9 IAS Newsletter, Winter 2010, p. 9 Pignatelli, Palazzo Reale Ritorno al barocco è un ampio progetto espositivo che comprende 6 esposizioni tematiche in altrettante sedi museali a Napoli Museo di Capodimonte, Castel Sant' Elmo, Certosa e Museo di San Martino, Museo Duca di Martina, Museo Pignatelli, Palazzo Reale e coinvolge l intera città e il territorio regionale con 51 itinerari nei luoghi barocchi: chiese, certose, collegiate, palazzi, musei regionali. Ritorno al barocco è un affascinante percorso di storia e d arte da Caravaggio a Francesco Solimena e ai tardi esponenti dell ultima stagione del barocco napoletano. L evento espositivo intende documentare i progressi conoscitivi degli ultimi trent anni, dal 1979 al 2009, su aspetti, momenti e generi che caratterizzarono la stagione del barocco a Napoli, definita cronologicamente da tre momenti: l arrivo di Caravaggio a Napoli nel 1606, la presenza in città di Luigi Vanvitelli e Ferdinando Fuga (1750) e la partenza di Carlo di Borbone per la Spagna (1759). Le 6 mostre che costituiscono il percorso principale del Ritorno al barocco presentano al pubblico dipinti, disegni, sculture, arredi, gioielli, tessuti, ceramiche e porcellane, provenienti da collezioni private e musei italiani e stranieri; oltre 500 opere in gran parte inedite o recentemente restaurate suddivise tra i molteplici e diversi aspetti rappresentati dalla produzione artistica dei centocinquanta anni di elaborazione e diffusione di questo linguaggio figurativo e culturale. L intento di restituire della città quella immagine di splendido insieme di arte e cultura, quale apparve ai tanti viaggiatori italiani e stranieri che, con curiosità ed emozione, la visitarono nel Seicento, nel Settecento e ancora nel primo Ottocento. Un insieme straordinario, in chiese, palazzi e musei, che evidenziano e riaffermano singolarità, originalità e valori della lunga stagione di altissima civiltà europea e mediterranea quale è stata quella del barocco a Napoli. Museo di Capodimonte Storie sacre e profane da Caravaggio a Francesco Solimena Disegni da raccolte pubbliche e private Castel Sant Elmo Restauri di dipinti e oggetti dal 1600 al 1750 Obiettivo sul barocco. Immagini fotografiche di Luciano Pedicini Certosa e Museo di San Martino Il barocco in Certosa Scultura barocca Ritratti storici e immagini della città Museo Duca di Martina Le arti decorative Museo Pignatelli Natura in posa Palazzo Reale Architettura, urbanistica e cartografia da Domenico Fontana a Ferdinando Sanfelice Dipinti e arredi barocchi nell Appartamento Storico Intorno alla Natività: scene e momenti di realtà familiare The Drawings of Bronzino January 20, 2010 April 18, 2010 Metropolitan Museum of Art, New York This exhibition is the first ever dedicated to Agnolo Bronzino ( ), and will present nearly all the known drawings by, or attributed to, this leading Italian Mannerist artist, who was active primarily in Florence. A painter, draftsman, academician, and enormously witty poet, Bronzino became famous as the court artist to the Duke Cosimo I de Medici and his beautiful wife, the Duchess Eleonora di Toledo. This monographic exhibition will contain approximately 60 drawings from European and North-American collections, many of which have never before been on public view. Accompanied by a catalogue, authored by a team of international scholars, to be published by the Metropolitan Museum. The exhibition was organized by The Metropolitan Museum of Art, New York, in collaboration with the Gabinetto Disegni e Stampe degli Uffizi and the Polo Museale Fiorentino, Florence. Views of Venice: Canaletto and His Rivals February 20 May 30, 2011 National Gallery, Washington, D.C. Fra Angelico to Leonardo: Italian Renaissance Drawings 22 April 25 July 2010 British Museum, London A unique collaboration between the Uffizi in Florence and the British Museum, the display charts the increasing importance of drawing during this period, featuring works by Leonardo da Vinci, Fra Angelico, Jacopo and Gentile Bellini, Botticelli, Carpaccio, Filippo Lippi, Mantegna, Michelangelo, Verrocchio and Titian. Infrared and other technology used in conservation research provide fresh insights into how drawing allowed painters to experiment and explore with a freedom not always reflected in their finished works. Examples in the exhibition show the trend towards depiction of movement and expression of emotion, often inspired by classical antiquity. This exhibition is a unique opportunity to discover the evolution of drawing which laid the foundations of the High Renaissance style of Michelangelo and Raphael. An Italian Journey: Drawings from the Tobey Collection, Correggio to Tiepolo May 12, 2010 August 15, 2010 Metropolitan Museum of Art, New York The exhibition will consist of approximately sixty-five drawings from the collection of David and Julie Tobey. Most of the drawings are by Italian masters. Highlights include drawings by Correggio, Parmigianino, Giulio Romano, Poussin, Bernini, Castiglione, and Tiepolo.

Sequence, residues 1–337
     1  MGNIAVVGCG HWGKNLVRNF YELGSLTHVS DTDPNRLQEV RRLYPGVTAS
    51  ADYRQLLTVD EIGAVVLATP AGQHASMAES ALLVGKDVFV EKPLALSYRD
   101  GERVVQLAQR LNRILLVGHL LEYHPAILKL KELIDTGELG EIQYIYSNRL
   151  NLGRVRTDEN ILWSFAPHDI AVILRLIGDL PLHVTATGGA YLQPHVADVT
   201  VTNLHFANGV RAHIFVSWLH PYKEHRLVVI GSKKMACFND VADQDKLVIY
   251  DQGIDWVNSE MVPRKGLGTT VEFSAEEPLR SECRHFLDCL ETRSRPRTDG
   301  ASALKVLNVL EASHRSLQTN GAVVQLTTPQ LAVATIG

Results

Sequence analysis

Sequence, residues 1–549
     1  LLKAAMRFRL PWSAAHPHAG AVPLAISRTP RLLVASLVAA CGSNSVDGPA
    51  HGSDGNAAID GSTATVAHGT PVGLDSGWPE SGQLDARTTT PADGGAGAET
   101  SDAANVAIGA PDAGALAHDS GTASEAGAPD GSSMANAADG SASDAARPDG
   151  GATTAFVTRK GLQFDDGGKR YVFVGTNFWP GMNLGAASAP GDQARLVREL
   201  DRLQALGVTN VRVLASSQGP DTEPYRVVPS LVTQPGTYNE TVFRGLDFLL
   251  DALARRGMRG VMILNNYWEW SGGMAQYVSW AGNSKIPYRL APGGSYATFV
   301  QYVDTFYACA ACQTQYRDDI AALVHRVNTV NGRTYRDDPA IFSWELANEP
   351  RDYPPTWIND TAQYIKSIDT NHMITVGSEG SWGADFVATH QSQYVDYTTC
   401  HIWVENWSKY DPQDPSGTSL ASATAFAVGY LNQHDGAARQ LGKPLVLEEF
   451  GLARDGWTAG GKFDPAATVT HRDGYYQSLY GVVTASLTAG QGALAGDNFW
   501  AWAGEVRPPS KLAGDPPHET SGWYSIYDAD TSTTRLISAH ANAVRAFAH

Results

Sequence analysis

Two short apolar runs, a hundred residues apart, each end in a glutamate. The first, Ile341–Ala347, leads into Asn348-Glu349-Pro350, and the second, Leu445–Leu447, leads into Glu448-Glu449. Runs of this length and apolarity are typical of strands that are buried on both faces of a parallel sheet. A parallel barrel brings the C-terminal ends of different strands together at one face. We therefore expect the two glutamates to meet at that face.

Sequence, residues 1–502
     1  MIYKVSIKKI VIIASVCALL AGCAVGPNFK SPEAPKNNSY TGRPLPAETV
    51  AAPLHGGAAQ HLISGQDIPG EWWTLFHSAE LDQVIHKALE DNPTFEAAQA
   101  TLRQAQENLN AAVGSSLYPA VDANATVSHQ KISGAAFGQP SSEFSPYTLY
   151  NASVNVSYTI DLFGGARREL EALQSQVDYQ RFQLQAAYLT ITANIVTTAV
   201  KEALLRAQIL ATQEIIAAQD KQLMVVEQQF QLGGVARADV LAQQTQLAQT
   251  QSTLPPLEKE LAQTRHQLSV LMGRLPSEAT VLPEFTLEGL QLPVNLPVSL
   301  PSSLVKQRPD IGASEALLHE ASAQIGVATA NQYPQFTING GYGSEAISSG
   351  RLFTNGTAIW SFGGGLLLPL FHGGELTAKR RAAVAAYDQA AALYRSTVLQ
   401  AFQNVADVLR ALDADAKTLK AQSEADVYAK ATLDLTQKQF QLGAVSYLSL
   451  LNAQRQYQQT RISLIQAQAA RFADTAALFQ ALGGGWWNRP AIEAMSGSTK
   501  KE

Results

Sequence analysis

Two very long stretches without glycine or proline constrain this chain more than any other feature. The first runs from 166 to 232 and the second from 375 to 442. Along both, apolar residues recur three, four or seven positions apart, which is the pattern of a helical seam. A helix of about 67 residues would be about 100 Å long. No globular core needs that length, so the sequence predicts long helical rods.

10 IAS Newsletter, Winter 2010, p. 10 Notices of Grants and Awards Ritual and Ceremony from Late-Medieval Europe to Early America An NEH Summer Institute for College and University Teachers 21 June through 23 July 2010 at the Folger Institute, Folger Shakespeare Library, Washington, D.C. This NEH summer institute offers a comparative study of ritual and ceremony across related cultures in Europe and the Americas from 1300 to It builds on anthropological theories of the ubiquitous role of ritual and ceremony and the impact of that work in performance studies. Testing assumptions about influence and exchange among national traditions and local contexts, it seeks a new understanding of the processes and effects of cultural hybridity and assimilation. The five-week institute will be directed by Claire Sponsler (University of Iowa). The distinguished international faculty includes: Ian Archer (Keble College, Oxford), Lawrence M. Bryant (California State University, Chico), Barbara Fuchs (UCLA), Gail McMurray Gibson (Davidson College), Bruce Holsinger (University of Virginia), Roslyn L. Knutson (University of Arkansas, Little Rock), Joseph Roach (Yale University), Helen Watanabe-O'Kelly (Exeter College, Oxford), Michael Wintroub (University of California Ber-keley), and Barbara Wisch (SUNY Cortland). Topics include Civic rituals, ceremonies, and drama (in London, Rome, and Paris) Music, liturgy, and church ritual Royal entries, processions, and pageants Ritual vis-a-vis visual and print culture Ceremonies of empire in the New World Childbirth and other domestic rituals Early modern court festivals of the Holy Roman Empire Depictions of New World natives in European festivities Carnivals and concepts of performance The migration of European ceremonies to the New World (and their hybridization with indigenous rituals) Application deadline: 2 March 2010 Visit for the syllabus, selected primary and secondary bibliographies, and application information. Contact: with any questions. Online Resources for the Study and Teaching of Italian Art The Frick Collection: Archives Directory for the History of Collecting in America The Directory is a pioneering resource created by the Center of the History of Collecting in America. Its purpose is to help researchers locate primary source material about American collectors, dealers, agents and advisors, and the repositories that hold these records. Archives related to American collectors of the fine and decorative arts, including antiquities and non-western art are included. The Directory serves an international community of museum, academic and other art professionals, most notably those seeking to chronicle the history of collecting in America. Each record provides information about specific archival collections, their location, content when available, links, and contact information. The periods of collecting activity covered by the Directory depends upon the existence of subject archives and the availability of information. The database is a work in progress that is regularly updated with information contributed by both institutions and individuals. The Florentine A source of useful information specific to Florence is The Florentine, a biweekly English-language journal published in Florence. They publish both a print and online format: They also regularly update what exhibitions are coming or are in the city (and give mini-reviews), various events both in the city and nearby, and generally any activity whether governmental or cultural regarding art and Italy s cultural heritage. News and Announcements Early Modern Women: An Interdisciplinary Journal is the only academic publication that takes a global and interdisciplinary approach to the study of women and gender during the years EMWJ is a journal that encourages the development of graduate researchers as junior colleagues, thus we feel it is important that graduate student work be printed alongside articles of faculty already established in the Early Modern field. Please see our website: for information on subscribing to this resource Appello al Presidente della Repubblica e al Presidente dell Istituto della Enciclopedia Italiana Salviamo il Dizionario Biografico degli Italiani Il Dizionario Biografico degli Italiani è universalmente